The Ambitious Generation, by Barbara Schneider and David Stevenson

Adolescence has a relatively brief history. It did not emerge as an identifiable life stage until the early 20th century. Perhaps the most important influence on its development was capitalism's second technological phase, which rendered the unskilled labor of youth unnecessary and unwanted. This called for the creation of an institution to contain the young, now exiled from both childhood and adulthood.

Twentieth-century adolescence has developed in close alignment with the entertainment industry, which has assimilated youth into an all-pervasive consumer culture. At the same time, the shifting demands of global capitalism have narrowed their occupational options. Secondary and higher education has become increasingly abstracted from the rest of life: it is an insufficient but necessary credential.

Barbara Schneider and David Stevenson base their book The Ambitious Generation on the findings of the Alfred P. Sloan Study of Youth and Social Development, a comprehensive study of more than 7,000 youth. The five-year study was designed to "gain a holistic picture of adolescents' experiences within their various social environments—schools, families, and peer groups." Schneider, professor of sociology at the University of Chicago, and Stevenson, former deputy executive director of the National Council on Educational Standards and Testing, focus on the relationship of youthful ambitions to occupational goals.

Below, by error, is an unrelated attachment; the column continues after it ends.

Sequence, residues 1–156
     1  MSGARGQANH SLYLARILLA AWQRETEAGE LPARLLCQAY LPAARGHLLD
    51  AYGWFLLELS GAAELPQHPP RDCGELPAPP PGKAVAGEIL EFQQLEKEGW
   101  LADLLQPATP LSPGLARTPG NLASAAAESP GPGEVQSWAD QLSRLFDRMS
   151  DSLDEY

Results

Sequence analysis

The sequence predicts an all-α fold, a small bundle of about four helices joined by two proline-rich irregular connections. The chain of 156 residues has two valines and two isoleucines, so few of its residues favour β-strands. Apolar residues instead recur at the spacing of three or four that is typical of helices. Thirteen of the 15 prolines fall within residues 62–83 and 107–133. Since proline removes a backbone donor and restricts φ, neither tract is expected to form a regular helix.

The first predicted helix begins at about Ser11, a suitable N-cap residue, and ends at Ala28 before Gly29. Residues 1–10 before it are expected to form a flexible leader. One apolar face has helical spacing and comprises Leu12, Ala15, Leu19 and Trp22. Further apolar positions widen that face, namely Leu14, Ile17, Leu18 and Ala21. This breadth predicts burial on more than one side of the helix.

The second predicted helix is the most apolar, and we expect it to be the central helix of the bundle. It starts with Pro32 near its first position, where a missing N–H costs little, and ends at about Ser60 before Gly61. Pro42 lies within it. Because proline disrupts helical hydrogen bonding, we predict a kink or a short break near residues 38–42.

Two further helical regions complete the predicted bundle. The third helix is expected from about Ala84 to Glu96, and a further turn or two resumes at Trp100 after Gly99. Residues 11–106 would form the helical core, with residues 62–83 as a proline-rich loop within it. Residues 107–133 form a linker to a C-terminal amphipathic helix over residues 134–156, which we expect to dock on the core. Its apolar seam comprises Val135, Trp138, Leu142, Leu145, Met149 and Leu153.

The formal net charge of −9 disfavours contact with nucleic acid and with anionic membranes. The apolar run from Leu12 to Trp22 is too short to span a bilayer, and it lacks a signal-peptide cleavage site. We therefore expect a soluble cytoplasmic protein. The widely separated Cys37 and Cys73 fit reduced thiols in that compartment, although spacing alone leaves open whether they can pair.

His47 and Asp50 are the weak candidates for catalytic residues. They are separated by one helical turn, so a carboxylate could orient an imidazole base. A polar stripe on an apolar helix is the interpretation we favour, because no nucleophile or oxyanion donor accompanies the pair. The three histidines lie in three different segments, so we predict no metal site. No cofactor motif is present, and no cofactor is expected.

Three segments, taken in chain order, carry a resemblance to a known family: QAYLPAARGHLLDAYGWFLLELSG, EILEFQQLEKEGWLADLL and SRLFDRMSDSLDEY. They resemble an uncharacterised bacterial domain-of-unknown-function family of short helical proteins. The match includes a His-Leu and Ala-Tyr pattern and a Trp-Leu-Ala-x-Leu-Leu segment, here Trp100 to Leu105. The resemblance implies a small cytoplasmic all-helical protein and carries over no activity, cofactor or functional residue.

Drawing upon multiple studies, questionnaires and interviews with youth, parents and school administrators, the authors argue that today's teenagers are even more ambitious than those of earlier generations. More than 90 percent of high school seniors expect to attend college, and more than 70 percent expect to work in professional jobs. Their career aspirations set up fierce competition. For example, the number of teen-agers who want to be doctors is six times greater than the number of new jobs for physicians projected for the year 2005.

During the 1950s most high school students focused on their social lives. Gender roles were highly differentiated, in anticipation of young people's social futures as workers, spouses and parents. In the '90s most of them hope to build an academic record that will make them strong college applicants. Today's adolescents believe acquiring a college diploma is the first step toward obtaining meaningful work and the first hurdle separating winners from losers in the job market. And indeed statistics indicate that the gap in real earnings between high school and college graduates has grown from 27 percent in 1979 to 44 percent in 1995.